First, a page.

The story of Cyprus is a cautionary tale for those who like the Euro and think the EU is getting it right. The EU is now demanding that Cyprus finds Euro 5.8bn or 33% of her National Output as her contribution to the rescue funding the state and its banks now needs. That would be like the EU telling the UK to find a one off tax revenue of £500 billion, almost the total tax revenue each year which we collect.
Cyprus is asked to cut her budget deficit by 4.5% of GDP in four years, sell more than 8% of her GDP by privatisations, undertake a large gold swap and raise her Corporation tax rate from 10% to 12.5%.
It just shows what can happen when a country surrenders its monetary and budgetary sovereignty to the EU. In the good days of the Euro a large banking centre developed in Cyprus. EU rules and regulations did not prevent or control that at the time, despite it being within the ring fence of the Eurozone and therefore of common interest to fellow zone members. Now it appears the banks need a major injection of new capital, and the state has to slash its borrowing quickly, to persuade the EU/IMF bank managers to lend some more.
Cyprus is saying these measures are too extreme. The tax hit on deposits is large, though of course some of that is a hit on foreigners with deposits in Cyprus. The tax rises and the budget contraints are very large. Germany and her allies are saying that of course a country in such a financial difficulty needs to contribute to its own recovery. The row is over how much, and whether such a large demand might make matters worse.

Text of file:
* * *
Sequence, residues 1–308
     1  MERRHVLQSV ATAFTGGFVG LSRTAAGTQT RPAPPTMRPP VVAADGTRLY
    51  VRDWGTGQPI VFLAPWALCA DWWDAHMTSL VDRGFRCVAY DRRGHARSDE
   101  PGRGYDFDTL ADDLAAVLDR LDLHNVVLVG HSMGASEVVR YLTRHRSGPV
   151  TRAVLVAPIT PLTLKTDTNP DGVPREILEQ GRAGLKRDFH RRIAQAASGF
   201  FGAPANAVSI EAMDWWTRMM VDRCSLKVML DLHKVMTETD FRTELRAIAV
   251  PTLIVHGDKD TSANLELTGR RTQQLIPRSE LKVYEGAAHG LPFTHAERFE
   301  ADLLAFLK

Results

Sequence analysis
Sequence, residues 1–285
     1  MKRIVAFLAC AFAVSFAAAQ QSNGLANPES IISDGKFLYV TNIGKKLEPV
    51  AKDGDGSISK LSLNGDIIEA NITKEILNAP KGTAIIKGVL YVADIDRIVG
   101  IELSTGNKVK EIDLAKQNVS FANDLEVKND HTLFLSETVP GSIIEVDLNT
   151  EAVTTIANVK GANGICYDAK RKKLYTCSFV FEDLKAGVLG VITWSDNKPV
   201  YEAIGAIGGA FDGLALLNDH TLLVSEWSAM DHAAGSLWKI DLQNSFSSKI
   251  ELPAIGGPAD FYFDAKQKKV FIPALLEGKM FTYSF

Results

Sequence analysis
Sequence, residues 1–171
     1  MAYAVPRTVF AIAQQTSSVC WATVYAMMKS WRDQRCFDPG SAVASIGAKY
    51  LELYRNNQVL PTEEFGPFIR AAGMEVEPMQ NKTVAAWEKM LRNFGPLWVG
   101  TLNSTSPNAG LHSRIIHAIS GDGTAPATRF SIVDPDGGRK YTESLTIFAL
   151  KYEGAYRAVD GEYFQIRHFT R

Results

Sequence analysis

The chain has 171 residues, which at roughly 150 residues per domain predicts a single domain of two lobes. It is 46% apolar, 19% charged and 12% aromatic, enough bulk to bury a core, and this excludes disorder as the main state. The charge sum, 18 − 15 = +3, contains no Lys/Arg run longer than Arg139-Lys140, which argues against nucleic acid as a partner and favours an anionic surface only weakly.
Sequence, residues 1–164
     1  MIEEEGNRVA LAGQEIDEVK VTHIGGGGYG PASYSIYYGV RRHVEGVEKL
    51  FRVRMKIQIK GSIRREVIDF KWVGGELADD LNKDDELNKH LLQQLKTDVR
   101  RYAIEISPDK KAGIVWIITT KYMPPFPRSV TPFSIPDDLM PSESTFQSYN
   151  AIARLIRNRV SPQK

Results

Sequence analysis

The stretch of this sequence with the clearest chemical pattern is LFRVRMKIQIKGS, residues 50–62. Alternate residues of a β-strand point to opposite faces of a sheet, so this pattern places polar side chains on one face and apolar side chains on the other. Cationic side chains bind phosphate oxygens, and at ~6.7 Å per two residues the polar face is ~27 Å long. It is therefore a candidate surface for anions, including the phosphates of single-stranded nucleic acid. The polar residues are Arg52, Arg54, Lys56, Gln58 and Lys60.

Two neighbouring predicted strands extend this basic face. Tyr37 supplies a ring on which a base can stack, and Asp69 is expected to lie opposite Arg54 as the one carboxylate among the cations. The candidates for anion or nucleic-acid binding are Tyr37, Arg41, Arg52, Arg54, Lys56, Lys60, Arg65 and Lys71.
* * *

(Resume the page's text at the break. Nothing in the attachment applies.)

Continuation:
Cyprus is to the Euro as a district area in the UK is to the sterling union in terms of size. You would normally expect the centre to bail it out whilst dictating future terms. Because the Euro area preserves the fiction of independent countries within the zone, the rest of the Euro area feel they do need to demand a bigger sacrifice from the offending country.
The battle of Cyprus is an important one in the war over the richer parts of the Union accepting their responsibilities for the poorer parts, and in the acceptance by the poorer parts that they do need to foll0w the discipline of the strong. Meanwhile, threatening depsoits in Cyprus is not a good idea from the wider perspective. It will undermine confidence in weak banks and weak countries elsewhere and complicate the ECB’s job of keeeping the banks liquid.
Cyprus’s banks remain closed. This is unacceptable. Normal economic activity ceases if banks cannot make money available and settle transactions. They need to reopen the banks quickly, with a clear statement of depositors’ positions. The ECB needs to supply ample liquidity to the Cyprus banks to prevent a major run. It is almost beyond belief that people living in an advanced EU country, part of their common currency, can get to the point where they cannot undertake normal transactions through their bank and do not know how much of their money in the bank they will one day be able to withdraw. It is even worse than the many arguments and forecasts some of us made when putting the case against the Euro.